Hat tip to Dominic B. for notifying us of this Dalrymple piece in The Salisbury Review. Sowell’s book tries to answer a question we’ve all asked: Why do intellectuals believe so many dumb things? Sowell’s answer, with which Dalrymple obviously agrees:
Perhaps the most important is that intellectuals live in a costless world in which there is every incentive to devise other theories that defy common sense. A doctor who believed that the best treatment of appendicitis was green cheese would soon lose his licence to practice; but an intellectual suffers nothing, however absurd his theories. This is for several reasons: the connection between what he propounds and its practical effects is usually arguable, and in any case delayed. A man treated for appendicitis with green cheese is likely to die; the abandonment of punishment as a means of suppressing crime occurs in the context of many other changes.
Intellectuals, like everyone else, live and work in a marketplace. In order to get noticed they must say things which have not been said before, or at least say them in a different manner. No one is likely to obtain many plaudits for the rather obvious, indeed self-evident, thought that a street robber cannot commit street robberies while he is in prison; but an intellectual who first demonstrates that the cause of an increase in street robbery is the increase in the amount of property that law-abiding pedestrians have on them as they walk in the streets is likely to be hailed, at least until the next idea comes along. Thus, while there are no penalties for being foolish, there are severe penalties (at least in career terms) for being obvious. This automatically increases the propensity of intellectuals to espouse extreme or preposterous ideas that would never occur to anyone obliged by circumstances to keep their feet on the ground.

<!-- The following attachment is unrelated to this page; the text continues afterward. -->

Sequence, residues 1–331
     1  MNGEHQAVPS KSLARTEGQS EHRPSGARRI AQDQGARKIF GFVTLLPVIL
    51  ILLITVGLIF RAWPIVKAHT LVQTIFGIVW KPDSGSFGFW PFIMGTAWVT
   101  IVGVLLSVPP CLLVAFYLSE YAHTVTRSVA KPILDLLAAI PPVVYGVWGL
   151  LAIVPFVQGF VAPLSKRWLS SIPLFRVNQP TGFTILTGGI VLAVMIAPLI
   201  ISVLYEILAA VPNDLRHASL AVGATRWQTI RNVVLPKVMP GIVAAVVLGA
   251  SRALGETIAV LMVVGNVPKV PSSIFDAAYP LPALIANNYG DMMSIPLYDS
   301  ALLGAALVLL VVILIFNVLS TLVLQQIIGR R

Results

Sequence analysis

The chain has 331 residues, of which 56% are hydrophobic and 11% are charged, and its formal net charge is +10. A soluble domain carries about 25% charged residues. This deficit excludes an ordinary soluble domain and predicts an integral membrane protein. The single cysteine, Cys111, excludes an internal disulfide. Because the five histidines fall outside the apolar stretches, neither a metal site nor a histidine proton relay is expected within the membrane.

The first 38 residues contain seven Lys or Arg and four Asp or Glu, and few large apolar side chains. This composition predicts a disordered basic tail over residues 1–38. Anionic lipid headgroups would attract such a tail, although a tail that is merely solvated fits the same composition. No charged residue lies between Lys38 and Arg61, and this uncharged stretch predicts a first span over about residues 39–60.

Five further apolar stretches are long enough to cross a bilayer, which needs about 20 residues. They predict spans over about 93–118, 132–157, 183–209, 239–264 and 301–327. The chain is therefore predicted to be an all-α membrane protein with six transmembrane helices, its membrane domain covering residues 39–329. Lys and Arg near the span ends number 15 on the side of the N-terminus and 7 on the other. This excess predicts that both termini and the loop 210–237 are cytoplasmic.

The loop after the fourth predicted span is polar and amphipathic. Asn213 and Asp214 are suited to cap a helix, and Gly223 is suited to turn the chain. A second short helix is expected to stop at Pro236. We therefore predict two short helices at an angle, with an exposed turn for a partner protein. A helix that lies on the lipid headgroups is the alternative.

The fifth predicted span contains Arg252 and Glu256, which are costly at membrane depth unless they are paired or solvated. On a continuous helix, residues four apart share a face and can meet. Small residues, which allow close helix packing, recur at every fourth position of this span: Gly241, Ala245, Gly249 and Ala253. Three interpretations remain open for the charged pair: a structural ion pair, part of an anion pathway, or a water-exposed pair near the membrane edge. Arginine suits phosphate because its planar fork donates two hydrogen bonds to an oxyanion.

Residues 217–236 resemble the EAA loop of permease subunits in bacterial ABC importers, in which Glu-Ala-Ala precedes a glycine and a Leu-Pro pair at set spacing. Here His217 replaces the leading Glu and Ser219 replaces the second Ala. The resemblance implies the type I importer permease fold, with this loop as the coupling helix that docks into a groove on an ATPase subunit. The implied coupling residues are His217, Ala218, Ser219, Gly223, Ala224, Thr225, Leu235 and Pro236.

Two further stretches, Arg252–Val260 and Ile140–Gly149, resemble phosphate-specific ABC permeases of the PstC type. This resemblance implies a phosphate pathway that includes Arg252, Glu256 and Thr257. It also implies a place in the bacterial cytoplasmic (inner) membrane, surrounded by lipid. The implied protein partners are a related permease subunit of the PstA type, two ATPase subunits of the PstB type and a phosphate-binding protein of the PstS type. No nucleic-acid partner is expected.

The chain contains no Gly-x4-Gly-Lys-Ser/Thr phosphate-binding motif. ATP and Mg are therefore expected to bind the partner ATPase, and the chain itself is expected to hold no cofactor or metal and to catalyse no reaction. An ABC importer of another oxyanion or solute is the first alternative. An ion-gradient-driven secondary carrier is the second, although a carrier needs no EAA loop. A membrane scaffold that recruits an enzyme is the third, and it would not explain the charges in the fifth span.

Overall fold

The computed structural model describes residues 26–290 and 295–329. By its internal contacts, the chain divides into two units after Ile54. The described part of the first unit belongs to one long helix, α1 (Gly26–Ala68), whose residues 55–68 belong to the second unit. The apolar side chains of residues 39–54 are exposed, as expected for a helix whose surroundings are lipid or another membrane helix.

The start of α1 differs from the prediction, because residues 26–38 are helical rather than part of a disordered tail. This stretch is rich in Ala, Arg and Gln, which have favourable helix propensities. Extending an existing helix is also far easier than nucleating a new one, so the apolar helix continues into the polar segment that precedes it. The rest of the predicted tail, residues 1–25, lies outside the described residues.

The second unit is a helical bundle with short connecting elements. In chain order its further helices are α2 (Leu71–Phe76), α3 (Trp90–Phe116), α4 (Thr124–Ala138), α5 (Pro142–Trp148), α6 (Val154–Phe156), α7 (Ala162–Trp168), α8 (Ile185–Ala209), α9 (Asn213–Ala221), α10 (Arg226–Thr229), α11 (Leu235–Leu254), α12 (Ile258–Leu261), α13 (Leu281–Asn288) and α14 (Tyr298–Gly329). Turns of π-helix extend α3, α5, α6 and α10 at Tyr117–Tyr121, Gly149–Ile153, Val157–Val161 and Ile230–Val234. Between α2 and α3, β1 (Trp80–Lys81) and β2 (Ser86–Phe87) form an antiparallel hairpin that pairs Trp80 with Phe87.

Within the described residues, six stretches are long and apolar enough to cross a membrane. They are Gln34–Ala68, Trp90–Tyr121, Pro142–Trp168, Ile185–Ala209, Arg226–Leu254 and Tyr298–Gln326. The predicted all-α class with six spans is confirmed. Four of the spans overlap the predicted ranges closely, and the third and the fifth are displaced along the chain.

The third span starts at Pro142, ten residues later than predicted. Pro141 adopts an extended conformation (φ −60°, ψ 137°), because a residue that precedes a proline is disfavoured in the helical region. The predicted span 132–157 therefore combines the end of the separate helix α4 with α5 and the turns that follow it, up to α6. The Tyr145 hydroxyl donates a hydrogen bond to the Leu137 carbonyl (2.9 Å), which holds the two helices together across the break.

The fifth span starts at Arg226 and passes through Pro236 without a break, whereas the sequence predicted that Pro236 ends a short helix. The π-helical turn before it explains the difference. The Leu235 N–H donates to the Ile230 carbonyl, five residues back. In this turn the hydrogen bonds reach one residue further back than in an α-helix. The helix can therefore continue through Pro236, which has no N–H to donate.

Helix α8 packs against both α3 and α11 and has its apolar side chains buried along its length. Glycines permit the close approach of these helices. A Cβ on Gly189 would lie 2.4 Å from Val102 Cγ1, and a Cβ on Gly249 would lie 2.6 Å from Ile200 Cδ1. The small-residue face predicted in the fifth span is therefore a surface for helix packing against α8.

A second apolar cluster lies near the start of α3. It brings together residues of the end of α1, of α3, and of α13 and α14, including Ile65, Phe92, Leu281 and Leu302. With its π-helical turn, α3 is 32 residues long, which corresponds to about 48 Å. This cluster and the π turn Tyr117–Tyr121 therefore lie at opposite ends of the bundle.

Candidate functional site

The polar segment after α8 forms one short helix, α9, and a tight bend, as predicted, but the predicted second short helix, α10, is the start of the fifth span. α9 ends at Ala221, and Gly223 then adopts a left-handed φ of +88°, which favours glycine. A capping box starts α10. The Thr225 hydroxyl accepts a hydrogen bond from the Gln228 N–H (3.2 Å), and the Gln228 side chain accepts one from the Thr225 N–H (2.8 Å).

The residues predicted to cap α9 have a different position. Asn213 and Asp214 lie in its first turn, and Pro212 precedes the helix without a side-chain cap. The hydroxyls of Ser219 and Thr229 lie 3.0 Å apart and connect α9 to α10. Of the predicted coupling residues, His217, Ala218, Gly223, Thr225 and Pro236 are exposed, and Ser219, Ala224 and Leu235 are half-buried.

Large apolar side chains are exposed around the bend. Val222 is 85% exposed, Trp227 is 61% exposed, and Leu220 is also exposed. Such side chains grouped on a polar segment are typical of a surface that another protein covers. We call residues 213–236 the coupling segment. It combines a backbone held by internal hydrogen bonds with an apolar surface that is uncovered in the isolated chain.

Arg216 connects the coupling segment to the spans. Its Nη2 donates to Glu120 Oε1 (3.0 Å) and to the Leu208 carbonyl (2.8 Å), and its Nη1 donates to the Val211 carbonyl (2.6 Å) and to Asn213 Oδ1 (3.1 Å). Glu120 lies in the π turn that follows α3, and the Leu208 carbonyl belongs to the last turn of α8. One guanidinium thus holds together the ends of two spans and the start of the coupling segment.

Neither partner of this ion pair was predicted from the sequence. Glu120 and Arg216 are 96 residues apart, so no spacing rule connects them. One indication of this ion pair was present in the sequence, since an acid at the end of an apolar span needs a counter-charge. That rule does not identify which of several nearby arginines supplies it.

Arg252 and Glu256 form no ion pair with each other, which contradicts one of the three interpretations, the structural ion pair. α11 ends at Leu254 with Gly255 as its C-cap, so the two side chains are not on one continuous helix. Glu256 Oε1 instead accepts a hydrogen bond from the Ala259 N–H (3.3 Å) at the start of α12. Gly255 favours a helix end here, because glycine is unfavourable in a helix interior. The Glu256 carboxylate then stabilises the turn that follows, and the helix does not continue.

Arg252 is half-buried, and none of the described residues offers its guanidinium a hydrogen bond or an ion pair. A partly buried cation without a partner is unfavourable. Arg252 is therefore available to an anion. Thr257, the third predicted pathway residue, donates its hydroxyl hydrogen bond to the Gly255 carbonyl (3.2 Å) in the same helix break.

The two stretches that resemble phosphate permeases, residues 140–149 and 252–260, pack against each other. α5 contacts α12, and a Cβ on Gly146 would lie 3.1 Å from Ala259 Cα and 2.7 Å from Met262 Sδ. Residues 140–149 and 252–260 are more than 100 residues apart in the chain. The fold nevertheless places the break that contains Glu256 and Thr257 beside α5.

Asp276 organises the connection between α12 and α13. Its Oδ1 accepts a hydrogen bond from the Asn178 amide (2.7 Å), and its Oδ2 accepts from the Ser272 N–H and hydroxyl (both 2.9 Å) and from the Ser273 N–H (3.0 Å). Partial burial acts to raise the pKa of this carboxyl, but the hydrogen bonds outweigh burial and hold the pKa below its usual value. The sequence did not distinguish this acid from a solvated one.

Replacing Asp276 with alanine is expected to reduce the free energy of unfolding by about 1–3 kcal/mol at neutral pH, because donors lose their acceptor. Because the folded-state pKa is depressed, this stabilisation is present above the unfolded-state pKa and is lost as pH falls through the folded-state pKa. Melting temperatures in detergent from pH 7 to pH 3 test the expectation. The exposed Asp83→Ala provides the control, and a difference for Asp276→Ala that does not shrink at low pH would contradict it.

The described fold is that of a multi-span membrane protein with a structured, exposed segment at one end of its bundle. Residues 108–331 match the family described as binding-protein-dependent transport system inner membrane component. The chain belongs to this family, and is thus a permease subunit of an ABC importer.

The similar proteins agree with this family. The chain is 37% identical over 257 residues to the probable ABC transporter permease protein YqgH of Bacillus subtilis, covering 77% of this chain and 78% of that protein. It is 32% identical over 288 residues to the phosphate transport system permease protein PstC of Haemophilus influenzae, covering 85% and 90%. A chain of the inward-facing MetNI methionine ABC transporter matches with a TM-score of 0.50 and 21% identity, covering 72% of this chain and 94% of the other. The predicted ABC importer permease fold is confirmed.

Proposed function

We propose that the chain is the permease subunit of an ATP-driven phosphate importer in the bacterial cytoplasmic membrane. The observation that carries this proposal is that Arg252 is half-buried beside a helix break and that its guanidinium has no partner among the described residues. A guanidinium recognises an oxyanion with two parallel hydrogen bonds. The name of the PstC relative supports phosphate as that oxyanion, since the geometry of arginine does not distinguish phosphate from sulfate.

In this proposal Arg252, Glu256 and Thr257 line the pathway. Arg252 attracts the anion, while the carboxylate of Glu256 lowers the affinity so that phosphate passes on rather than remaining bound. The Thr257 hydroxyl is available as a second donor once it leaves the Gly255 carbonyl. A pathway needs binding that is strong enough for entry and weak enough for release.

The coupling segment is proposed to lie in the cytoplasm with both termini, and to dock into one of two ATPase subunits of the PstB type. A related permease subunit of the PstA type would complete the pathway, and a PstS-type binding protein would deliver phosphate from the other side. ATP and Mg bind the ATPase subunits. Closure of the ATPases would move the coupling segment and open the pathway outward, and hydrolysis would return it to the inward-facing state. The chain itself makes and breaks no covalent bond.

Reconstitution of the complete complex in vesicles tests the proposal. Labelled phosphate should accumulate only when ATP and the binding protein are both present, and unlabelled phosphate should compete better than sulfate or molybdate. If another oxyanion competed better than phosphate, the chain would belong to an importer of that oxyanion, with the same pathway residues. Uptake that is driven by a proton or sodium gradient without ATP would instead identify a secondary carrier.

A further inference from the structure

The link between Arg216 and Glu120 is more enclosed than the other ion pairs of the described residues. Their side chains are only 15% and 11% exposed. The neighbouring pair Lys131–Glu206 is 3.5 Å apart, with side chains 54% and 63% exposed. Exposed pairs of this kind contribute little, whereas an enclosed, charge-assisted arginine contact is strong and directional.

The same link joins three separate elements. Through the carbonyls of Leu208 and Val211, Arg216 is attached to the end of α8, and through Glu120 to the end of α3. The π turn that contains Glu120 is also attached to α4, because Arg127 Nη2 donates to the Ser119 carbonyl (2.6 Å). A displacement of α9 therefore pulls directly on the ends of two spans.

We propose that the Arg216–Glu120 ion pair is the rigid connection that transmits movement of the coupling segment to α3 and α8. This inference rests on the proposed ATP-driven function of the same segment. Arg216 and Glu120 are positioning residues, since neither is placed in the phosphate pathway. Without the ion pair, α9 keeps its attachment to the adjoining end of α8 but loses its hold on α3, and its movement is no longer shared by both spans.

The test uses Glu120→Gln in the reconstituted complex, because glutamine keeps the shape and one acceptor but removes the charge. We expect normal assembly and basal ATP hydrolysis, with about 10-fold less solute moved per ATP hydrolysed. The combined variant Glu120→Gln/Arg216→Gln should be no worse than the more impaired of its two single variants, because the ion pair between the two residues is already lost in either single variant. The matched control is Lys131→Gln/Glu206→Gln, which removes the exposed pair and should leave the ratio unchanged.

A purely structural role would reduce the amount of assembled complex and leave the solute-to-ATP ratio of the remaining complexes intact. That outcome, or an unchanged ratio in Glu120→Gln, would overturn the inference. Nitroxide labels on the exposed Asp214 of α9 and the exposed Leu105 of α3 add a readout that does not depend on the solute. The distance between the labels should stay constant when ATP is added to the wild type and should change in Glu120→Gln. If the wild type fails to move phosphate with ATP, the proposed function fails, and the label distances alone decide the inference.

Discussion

Read the whole piece here